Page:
Do you need Planning Permission for a Garden Office?

Garden office’s are increasingly popular as more and more people are working from home. Planning permission for these structures is usually straight forward, and in some cases it’s unnecessary. Here’s what you need to know…

Can you build without planning permission?

Two key factors that determine if you can build without planning permission are the height of the building and how you are going to use the building.

How tall is your building?

The maximum heights that you can build garden offices without planning permission have been developed to protect the interests of neighbours from shading, loss of light etc.

Outbuildings are considered to be “permitted development” and not needing planning permission, if they meet the following restrictions:

  • No outbuilding on land forward of a wall forming the principal elevation of the house.
  • Outbuildings to be single storey with maximum eaves height of 2.5 metres and maximum overall height of four metres with a dual pitched roof or three metres for any other roof.
  • Maximum height of 2.5 metres if within two metres of a boundary of the curtilage (garden) of the house.
  • No verandas, balconies or raised platforms.
  • No more than half the area of land around the “original house” would be covered by additions or other buildings.

In National Parks, the Broads, Areas of Outstanding Natural Beauty and World Heritage Sites the maximum area to be covered by buildings, enclosures, containers and pools more than 20 metres from house to be limited to 10 square metres.

On designated land buildings at the side of properties will require planning permission.

Within the curtilage of listed buildings any outbuilding will require planning permission.

How are you going to use it?

Permitted development rules allow “incidental” buildings such as sheds and summerhouses to be put up without planning permission (as long as they are the correct height/location etc). A garden office or a garden studio used for leisure or occasionally used when working at home may well be viewed as “incidental” and hopefully won’t needing planning permission. Whereas a garden office used for business five days a week and where clients visit the office is not be viewed as “incidental” by your local authority and they may want a planning application for it.

If you build an office without planning permission and the council later decides that it needs planning permission, they will ask you to make a retrospective planning application. It is within their power to refuse the planning permission and make you take the building down.

Are you worried about needing planning permission for your garden office?

Here are a few concerns that some people have about planning permission and why you don’t have to worry…

1. I am worried the neighbours will complain

It is a democratic right for all of us to be able to complain about a planning application and lots of us do. In fact, it is unusual to find a planning application that doesn’t generate a comment or complaint.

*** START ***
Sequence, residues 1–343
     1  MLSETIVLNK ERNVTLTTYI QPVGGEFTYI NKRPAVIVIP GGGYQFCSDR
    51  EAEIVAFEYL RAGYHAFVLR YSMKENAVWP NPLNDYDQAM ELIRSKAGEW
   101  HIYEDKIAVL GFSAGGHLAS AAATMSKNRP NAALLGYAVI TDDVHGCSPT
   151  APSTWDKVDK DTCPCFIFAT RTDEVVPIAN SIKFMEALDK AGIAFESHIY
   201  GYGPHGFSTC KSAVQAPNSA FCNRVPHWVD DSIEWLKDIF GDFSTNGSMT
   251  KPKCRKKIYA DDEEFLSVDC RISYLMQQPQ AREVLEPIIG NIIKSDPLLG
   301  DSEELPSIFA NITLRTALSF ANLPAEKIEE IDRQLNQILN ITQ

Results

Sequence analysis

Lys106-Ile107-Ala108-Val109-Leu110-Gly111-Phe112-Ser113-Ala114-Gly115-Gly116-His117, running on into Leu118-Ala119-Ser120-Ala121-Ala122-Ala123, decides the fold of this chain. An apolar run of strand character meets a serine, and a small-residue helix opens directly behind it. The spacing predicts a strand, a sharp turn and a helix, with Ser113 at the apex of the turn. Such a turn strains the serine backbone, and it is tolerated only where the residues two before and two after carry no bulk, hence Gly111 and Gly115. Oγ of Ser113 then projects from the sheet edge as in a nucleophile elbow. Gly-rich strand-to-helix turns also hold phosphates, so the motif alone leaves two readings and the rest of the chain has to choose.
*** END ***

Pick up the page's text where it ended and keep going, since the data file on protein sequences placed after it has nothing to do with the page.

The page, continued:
Some comments and complaints are based upon fear and lack of understanding rather than unkindness or unreasonableness. People can find it hard to visualise a building from two dimensional plans and others are frightened of change or having their privacy threatened.

Planning departments are used to dealing with complaints and they treat them with respect. But they also take your needs, as the applicant, and the merits of the building design very seriously.

If you are planning a garden building that’s:

  • well designed
  • built with good quality materials
  • is in a sensible position in your garden
  • isn’t too big for your garden
  • if your building is to be used as an office – your work/ business is quiet and unobtrusive

Then your planning department is unlikely to uphold a neighbour’s complaint about your proposed office.

But, if you want to build a large office right outside your neighbour’s windows or run a business that was noisy and had lots of visitors the planning department would rightly take your neighbour’s complaint seriously.

2. Securing garden office planning permission will take too long

In theory a planning application typically takes two months to process, however often it can be longer. It has to be worth waiting this long to get the best garden office or other building for your purposes and have all the paperwork in place in case you want to sell your house in a few years time.

During the short wait for planning permission you will have time to plan fixtures and fittings and assess what you might want to do with the rest of the garden when the office has been built.

If you don’t think you can wait for planning permission it’s possible that a garden office isn’t the right solution for you and that you need a short term rather than long term solution to your workspace problems.

3. I don’t think I’ll be lucky enough to get it

Planning permission doesn’t depend upon luck. It depends upon:

  • good quality design
  • well chosen building materials
  • understanding planning legislation

4. I haven’t got time to get involved with the council and the paperwork

It is better to get involved with the council and obtain the correct planning permission now, rather than getting involved with them at a later date if someone complains because you have built your garden building without planning permission. Avoiding planning enforcement is always advisable.

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Looking for a Town Planner take a look at our blog When to Hire a Town Planner, which also has a download on Steps to Choosing a Town Planner.

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